Tuesday, March 1, 2011

OCB Reprographics and Consolidated Reprographics both begin operating under the ARC brand name

Yesterday, I noticed an article in the Orange County Register (newspaper, the on-line edition) about the “name change” of two ARC-owned companies, OCB and CR.

For those of you who haven’t seen this news, here’s the article:

Two Orange County printers, OCB Reprographics and Consolidated Reprographics, are changing their names to their parent company, American Reprographics Co., or ARC for short.

The name change is effective immediately but will be introduced throughout the year. Both companies will continue to serve Orange County, said ARC senior regional vice president Roger Lackey, who started his career working on OCB's production floor.

ARC is a publicly traded company based in Walnut Creek.

Irvine-based OCB was founded in 1926 and has locations in Irvine, Costa Mesa and Orange. Costa Mesa-based CR was founded in 1966 and has locations in Tustin, Costa Mesa and Anaheim.

OCB joined ARC in 1993, and CR joined the larger company in 2002.

"We're taking on the name of the company we've helped build," Lackey said. "OCB and CR were built from the ground up here in Orange County. ARC offered both companies a chance to take it a step further, and we all jumped at the opportunity."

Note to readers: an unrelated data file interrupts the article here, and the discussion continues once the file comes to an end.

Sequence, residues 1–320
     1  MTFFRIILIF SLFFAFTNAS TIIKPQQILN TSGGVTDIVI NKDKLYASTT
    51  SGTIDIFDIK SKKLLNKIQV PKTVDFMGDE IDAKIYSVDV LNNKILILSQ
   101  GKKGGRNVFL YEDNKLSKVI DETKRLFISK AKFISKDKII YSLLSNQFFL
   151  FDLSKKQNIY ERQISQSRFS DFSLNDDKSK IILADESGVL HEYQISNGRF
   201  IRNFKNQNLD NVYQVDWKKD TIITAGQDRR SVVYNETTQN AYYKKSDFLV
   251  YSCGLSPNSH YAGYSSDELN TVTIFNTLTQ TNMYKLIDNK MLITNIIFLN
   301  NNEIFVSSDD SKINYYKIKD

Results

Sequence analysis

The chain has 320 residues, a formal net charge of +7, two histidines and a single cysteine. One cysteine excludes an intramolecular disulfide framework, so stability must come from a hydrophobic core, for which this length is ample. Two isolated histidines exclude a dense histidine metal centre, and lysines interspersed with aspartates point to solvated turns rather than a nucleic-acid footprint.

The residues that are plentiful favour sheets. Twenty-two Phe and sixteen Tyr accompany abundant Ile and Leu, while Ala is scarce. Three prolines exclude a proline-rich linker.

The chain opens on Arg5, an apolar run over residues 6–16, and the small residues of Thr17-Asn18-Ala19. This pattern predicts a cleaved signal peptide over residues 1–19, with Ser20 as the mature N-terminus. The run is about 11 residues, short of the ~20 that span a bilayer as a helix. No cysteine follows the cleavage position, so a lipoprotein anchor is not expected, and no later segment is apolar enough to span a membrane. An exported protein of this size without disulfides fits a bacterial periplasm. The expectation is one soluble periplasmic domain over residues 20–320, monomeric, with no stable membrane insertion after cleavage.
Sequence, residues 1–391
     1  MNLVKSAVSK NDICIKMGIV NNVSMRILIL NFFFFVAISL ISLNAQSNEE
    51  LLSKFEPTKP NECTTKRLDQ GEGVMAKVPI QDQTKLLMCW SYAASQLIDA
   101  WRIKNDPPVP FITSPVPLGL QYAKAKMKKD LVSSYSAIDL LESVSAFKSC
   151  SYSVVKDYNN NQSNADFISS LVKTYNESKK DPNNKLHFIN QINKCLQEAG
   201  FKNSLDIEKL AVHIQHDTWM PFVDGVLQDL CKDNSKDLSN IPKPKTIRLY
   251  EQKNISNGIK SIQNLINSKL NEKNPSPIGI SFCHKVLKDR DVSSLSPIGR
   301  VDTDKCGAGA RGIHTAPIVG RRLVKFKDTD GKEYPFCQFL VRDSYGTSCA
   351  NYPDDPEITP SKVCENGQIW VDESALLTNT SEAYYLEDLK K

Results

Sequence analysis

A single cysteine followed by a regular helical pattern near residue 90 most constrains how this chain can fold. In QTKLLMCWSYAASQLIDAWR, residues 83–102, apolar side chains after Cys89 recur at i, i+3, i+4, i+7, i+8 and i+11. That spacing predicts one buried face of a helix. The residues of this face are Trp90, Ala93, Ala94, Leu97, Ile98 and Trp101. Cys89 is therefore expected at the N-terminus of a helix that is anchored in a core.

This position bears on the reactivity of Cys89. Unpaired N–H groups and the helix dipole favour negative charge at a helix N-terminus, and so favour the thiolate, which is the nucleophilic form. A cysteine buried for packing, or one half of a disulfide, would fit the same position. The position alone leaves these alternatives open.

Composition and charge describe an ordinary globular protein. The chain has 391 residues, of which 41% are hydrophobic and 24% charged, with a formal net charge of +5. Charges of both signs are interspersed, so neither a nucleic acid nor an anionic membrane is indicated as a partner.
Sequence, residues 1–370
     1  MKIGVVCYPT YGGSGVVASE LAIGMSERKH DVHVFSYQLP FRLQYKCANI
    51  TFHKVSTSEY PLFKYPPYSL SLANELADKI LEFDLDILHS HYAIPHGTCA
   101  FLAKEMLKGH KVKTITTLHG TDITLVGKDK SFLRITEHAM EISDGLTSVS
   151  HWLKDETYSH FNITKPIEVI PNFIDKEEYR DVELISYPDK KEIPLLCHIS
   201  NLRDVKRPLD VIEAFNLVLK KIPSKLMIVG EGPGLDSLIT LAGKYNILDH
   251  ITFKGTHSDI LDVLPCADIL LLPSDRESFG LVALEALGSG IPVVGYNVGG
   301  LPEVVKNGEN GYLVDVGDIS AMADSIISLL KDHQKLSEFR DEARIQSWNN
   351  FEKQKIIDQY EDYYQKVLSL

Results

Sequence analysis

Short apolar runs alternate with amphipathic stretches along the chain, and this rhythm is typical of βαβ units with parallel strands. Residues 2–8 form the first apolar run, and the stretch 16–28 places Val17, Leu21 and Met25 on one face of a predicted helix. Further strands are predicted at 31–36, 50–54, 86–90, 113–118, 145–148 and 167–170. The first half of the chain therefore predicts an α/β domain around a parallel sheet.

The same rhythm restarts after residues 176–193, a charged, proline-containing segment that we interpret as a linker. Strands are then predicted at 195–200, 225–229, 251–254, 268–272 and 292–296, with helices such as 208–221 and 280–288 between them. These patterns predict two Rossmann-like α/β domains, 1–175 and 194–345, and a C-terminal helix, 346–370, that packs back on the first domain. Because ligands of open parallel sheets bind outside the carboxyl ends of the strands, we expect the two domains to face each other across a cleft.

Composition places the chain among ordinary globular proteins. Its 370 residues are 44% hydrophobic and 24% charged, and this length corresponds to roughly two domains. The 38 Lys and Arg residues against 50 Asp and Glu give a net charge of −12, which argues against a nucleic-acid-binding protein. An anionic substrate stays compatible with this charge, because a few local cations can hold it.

Historically, reprographics has been a niche business serving the construction industry and printing large format documents such as blueprints for architects, engineers and builders. More recently, reprographic companies have taken on small-format documents, color imaging and software for a variety of industries.

Joel’s comment:

This isn’t new news. It’s my understanding that this news was issued as a “Press Release” over a month ago, even though it may not be published on www.e-arc.com.

As most reprographers are aware, OCB [owned by David Hayes and his brother before it was sold to ARC (and, after ARC acquired OCB, it was run by Chuck Hayes, David’s step-son, until he passed away)] and Consolidated Reprographics (CR) [which was, prior to ARC’s purchase, owned by Lason Corp, who purchased CR from Greg Lundeen and partners (after the business was purchased by them from Phil Siegel)] are both very large, well-established players in the Southern, CA marketplace. Prior to ARC’s acquisition of OCB and CR, they were very keen competitors, but, in spite of the competition, both managed to grow large and quite profitable. ARC maintained the “separate” brand names (and operations) of each for years beyond ARC’s purchase of the companies. I would venture to guess that ARC’s decision to “consolidate” the two companies under one name, the ARC name, was driven mostly by the cost savings that will be derived from the consolidation of the two businesses. C2 Repro competes in that same market, and, rumor has it, that C2 Repro is expanding and doing quite well, in spite of the recession and in spite of the fact that ARC (OCB/CR) is a very formidable competitor.

Prior to the consolidation, A/E/C firms in the Orange County market basically had three “major” brands to choose from, OCB, CR or C2. Now A/E/C firms will have only two, ARC and C2.

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